'Lost' album

Songlines
'Lost is like a series of musical equations that work their way through the ears into the mind, their rhythmic and melodic themes interweaving, rising and falling.   It feels by turn widescreen and microscopic.   It's subtle, uncluttered, minimal and extremely focusing, an album that is a thoroughly absorbing world of tension, suspension and release.'   Chosen for Songlines Top of the World.

Uncut
'An impressivley intricate affair.   Pairing two harps with autoharp, Moog, tone generators and Red Box, the results are both mesmeric and meditative. "Trace's rapidly plucked harp melodies sometimes recall Penguin Cafe Orchestra, and Highwire's dainty modular synth lines give way to quieter realms on the lullaby-esque "Carousel" and the atmospheric "Unseen".   Lost is inventive, immersive and steeped in a gratifying melancholy.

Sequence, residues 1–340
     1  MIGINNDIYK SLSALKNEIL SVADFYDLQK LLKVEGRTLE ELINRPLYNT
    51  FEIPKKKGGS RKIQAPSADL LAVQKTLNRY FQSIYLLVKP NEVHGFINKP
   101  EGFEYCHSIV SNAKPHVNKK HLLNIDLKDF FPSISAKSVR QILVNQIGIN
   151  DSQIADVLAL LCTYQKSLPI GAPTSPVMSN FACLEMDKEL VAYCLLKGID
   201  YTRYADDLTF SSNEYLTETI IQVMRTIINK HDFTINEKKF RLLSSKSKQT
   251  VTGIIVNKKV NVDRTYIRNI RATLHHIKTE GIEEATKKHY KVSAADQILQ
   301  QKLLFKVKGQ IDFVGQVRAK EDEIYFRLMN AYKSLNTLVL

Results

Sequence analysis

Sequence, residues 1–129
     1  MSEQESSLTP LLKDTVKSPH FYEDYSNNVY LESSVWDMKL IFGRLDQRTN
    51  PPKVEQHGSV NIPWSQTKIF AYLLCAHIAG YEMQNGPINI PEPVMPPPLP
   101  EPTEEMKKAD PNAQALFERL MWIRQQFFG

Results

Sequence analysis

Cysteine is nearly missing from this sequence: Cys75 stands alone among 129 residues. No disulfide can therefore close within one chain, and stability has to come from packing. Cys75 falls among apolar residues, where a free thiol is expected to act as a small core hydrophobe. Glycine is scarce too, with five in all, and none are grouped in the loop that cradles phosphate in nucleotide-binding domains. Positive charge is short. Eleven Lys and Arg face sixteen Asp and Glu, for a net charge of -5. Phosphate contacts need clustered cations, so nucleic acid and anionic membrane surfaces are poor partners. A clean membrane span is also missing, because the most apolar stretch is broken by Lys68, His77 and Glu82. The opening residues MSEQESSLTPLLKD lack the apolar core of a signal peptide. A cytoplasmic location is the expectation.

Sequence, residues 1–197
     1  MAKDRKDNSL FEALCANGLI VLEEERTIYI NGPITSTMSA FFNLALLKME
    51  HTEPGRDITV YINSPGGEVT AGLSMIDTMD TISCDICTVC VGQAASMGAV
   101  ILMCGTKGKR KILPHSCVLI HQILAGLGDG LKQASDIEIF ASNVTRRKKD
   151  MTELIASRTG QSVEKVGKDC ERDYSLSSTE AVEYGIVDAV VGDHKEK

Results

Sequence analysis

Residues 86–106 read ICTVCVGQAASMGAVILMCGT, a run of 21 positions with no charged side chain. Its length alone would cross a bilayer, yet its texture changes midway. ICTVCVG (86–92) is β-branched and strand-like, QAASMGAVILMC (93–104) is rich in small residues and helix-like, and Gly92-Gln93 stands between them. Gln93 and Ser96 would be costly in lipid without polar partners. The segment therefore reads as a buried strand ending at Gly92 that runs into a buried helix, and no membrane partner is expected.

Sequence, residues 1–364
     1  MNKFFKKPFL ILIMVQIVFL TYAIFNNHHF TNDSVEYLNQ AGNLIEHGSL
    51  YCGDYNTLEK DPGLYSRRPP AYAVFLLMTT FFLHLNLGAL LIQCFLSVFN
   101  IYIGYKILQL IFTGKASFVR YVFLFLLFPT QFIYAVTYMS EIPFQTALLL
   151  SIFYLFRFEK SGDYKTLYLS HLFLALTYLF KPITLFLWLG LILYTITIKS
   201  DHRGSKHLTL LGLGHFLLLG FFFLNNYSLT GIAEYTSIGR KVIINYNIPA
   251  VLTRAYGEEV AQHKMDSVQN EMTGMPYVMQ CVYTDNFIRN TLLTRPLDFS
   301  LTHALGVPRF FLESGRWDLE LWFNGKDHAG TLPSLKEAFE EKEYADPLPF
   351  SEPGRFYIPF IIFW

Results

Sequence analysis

MC Net Italy
'FitkinWall's wonderfully contrasting melodies merge, fade and re-emerge with an amazing variety of colour, in a rich dialogue between electronica and classical.'

London Jazz News
'From eerie start in 'Trace' you feel disorientated, "a thousand twangling instruments hum" in your ears, the relentless drive ofthe concert harp broken only by the briefest of pauses.  The clarity of the sound and the easy flow of melodies disguise the often tricky time-signatures.   It would be wrong to describe Fitkin's music as minimal, he makes complicated sound easy.   Wire harp, concert harp and autoharp are overlaid with moog and bits of electronics.  The harp is luminous, pastoral and urban at the same time under Wall's fingers, she pushes the instrument to its limits and Fitkin's music allows for a certain steeliness and discordance making the harp sound contemporary.   The sound is immaculate.'

West Briton
'This hypnotic album manages the rare feat of being incredibly beautiful and at times unsettling.   Fitkin's trademark rhythmic interplay is balanced by Ruth's mesmerising and varied use of harp.    A sublime new album.'

Resident
'A beguilingly intimate album that is often dark and mesmeric.'